Juan Carlos Mandiá

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Juan Carlos Mandiá
Personal information
Full name Juan Carlos Mandiá Lorenzo
Date of birth (1967-01-17) 17 January 1967 (age 52)
Place of birth Alfoz, Spain
Height 1.82 m (6 ft 0 in)
Playing position Defender
Youth career
Real Madrid
Senior career*
Years Team Apps (Gls)
1984–1988 Castilla 52 (0)
1984–1988 Real Madrid 2 (0)
1988–1989 Español 21 (0)
1989–1993 Celta 92 (3)
1993–1995 Logroñés 38 (0)
1995–1997 Toledo 67 (0)
1997–2000 Córdoba 30 (0)
Total 302 (3)
National team
1985 Spain U18 1 (0)
Teams managed
2001–2002 Real Madrid (youth)
2002–2003 Logroñés
2003 Rayo Vallecano (assistant)
2004–2006 Hércules
2006–2007 Real Madrid B (assistant)
2007–2008 Real Madrid B
2008–2009 Hércules
2009 Racing Santander
2010–2011 Tenerife
2011–2012 Hércules
2013–2014 Alavés
2015 Sabadell

* Senior club appearances and goals counted for the domestic league only.

† Appearances (goals)

Juan Carlos Mandiá Lorenzo (born 17 January 1967) is a Spanish retired footballer who played as a defender, and a current manager.

Playing career

Mandiá was born in Alfoz, Province of Lugo. During his 16-year playing career he represented Real Madrid Castilla (adding two first-team appearances[1]), RCD Español, Celta de Vigo – helping to a 1992 promotion to La Liga[2]CD Logroñés, CD Toledo and Córdoba CF.

Mandiá totalled 89 top flight matches over the course of seven seasons, going scoreless in the process.

Coaching career

Mandiá started a coaching career two years after retiring, achieving promotion from the third division with Hércules CF in 2005.[3] In 2006–07's second level he served as assistant to Míchel at Real Madrid's reserves,[4] as it eventually dropped down a level.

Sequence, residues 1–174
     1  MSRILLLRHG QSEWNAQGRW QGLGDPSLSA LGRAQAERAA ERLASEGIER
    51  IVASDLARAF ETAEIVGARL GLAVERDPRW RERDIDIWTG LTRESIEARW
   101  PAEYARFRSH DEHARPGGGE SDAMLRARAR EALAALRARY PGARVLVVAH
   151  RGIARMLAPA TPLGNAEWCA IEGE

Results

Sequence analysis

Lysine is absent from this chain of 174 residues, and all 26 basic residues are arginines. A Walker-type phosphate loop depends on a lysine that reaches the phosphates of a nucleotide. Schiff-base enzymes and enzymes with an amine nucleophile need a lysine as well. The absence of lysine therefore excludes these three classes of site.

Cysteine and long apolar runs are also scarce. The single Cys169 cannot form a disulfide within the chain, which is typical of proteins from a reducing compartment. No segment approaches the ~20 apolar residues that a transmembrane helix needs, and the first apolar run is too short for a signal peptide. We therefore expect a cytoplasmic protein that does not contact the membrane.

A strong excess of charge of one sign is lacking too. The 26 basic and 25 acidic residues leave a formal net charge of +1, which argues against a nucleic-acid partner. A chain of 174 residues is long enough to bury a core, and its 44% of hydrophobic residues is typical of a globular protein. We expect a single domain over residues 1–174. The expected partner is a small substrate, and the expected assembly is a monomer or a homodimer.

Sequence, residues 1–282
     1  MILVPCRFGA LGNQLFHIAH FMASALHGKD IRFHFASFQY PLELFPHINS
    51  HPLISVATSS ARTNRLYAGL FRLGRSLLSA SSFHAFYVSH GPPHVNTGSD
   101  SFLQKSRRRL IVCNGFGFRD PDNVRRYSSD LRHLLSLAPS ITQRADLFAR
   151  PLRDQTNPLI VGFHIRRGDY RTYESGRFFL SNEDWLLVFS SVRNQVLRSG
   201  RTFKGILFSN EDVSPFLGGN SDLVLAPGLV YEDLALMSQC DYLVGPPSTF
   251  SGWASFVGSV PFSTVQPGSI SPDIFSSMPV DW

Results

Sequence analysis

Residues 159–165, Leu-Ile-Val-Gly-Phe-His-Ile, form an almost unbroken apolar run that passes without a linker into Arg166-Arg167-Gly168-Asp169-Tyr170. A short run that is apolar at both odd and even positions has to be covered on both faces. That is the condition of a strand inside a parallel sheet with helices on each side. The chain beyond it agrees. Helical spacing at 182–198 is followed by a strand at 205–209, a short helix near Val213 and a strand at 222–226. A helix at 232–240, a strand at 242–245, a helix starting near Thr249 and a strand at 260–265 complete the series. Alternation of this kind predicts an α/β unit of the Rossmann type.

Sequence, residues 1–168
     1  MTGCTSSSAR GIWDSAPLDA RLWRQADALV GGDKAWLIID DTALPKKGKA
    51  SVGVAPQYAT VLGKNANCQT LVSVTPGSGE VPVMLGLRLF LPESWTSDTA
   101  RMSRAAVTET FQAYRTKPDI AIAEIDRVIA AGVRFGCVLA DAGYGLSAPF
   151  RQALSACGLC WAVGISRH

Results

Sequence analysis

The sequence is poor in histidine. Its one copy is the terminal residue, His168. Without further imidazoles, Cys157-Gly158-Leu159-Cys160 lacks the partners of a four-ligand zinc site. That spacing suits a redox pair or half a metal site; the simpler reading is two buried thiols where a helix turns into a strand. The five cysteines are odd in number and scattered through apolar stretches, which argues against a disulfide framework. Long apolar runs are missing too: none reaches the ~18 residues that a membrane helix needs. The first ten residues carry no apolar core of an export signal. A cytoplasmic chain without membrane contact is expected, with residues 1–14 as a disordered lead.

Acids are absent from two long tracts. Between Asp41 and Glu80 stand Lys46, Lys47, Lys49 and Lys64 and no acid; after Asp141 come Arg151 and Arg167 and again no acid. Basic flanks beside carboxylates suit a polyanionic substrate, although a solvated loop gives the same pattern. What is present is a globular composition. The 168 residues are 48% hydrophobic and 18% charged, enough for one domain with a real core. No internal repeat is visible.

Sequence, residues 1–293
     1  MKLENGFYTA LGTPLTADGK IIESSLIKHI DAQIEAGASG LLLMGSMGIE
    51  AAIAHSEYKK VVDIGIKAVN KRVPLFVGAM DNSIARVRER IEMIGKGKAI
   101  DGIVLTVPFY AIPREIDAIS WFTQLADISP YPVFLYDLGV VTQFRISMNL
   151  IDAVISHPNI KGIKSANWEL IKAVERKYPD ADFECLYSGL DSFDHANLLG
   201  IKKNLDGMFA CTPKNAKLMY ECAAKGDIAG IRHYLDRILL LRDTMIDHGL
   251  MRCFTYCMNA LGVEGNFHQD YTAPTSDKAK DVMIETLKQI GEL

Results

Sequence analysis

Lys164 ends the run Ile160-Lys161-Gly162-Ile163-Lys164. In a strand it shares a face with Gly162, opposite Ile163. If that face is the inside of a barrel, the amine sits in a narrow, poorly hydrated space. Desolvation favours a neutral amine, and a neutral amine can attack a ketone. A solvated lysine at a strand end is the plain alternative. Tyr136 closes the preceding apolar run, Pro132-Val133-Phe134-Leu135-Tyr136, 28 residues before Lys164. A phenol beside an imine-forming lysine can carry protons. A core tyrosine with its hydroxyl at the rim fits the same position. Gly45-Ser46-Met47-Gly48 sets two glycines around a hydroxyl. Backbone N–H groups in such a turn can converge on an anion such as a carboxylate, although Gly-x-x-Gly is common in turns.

Mandiá then took the reins of the latter squad, falling just one point short of playoff contention in the 2007–08 campaign. After a second spell at Hércules[5] he was named Racing de Santander's manager, in late June 2009.[6] After a poor start to the season, notably only one point in the first five home matches, he was sacked by the Cantabrians on 9 November.[7]

In late September 2010 Mandiá returned to active, replacing fired Gonzalo Arconada at CD Tenerife (five games, five losses).[8] On 23 January 2011, following a 1–1 home draw against UD Las Palmas, he too was sacked.[9]

In December 2013 Mandiá was appointed at second level club Deportivo Alavés, being relieved of his duties after only three months in charge.[10]



Real Madrid


  1. 1–1: Y todos contentos (1–1: Everybody happy); Mundo Deportivo, 10 September 1984 (Spanish)
  2. "Juan Carlos Mandiá" (in Spanish). Yo Jugué en el Celta. 21 April 2008. Retrieved 24 October 2013. <templatestyles src="Module:Citation/CS1/styles.css"></templatestyles>
  3. Mandiá es el flamante entrenador del equipo (Mandiá is brand new coach); Mundo Deportivo, 8 December 2004 (Spanish)
  4. Fútbol.- El Real Madrid confirma la incorporación de Míchel como técnico del Castilla por cuatro años (Football.- Real Madrid confirms signing of Míchel as Castilla manager for four years); Lukor, 5 June 2007 (Spanish)
  5. Mandía firmará con el Hércules (Mandía to sign with Hércules); Mundo Deportivo, 23 May 2008 (Spanish)
  6. El Racing presentó a Mandiá, su nuevo entrenador (Racing presented Mandiá, new coach); Racing's official website, 1 July 2009 (Spanish)
  7. El Racing destituye a Mandiá tras el peor inicio de Liga de su historia (Racing fires Mandiá after worst league start in its history); Diario Información, 9 November 2009 (Spanish)
  8. Mandiá, nuevo entrenador del Tenerife (Mandiá, new coach of Tenerife); Sport You, 26 September 2010 (Spanish)
  9. El empate final en el derbi le cuesta el puesto a Mandiá (Final derby draw costs Mandiá his job); Marca, 23 January 2011 (Spanish)
  10. Alberto López sustituye a Juan Carlos Mandiá al frente del Deportivo Alavés (Alberto López replaces Juan Carlos Mandiá in charge of Deportivo Alavés); Alavés' official website, 24 March 2014 (Spanish)

External links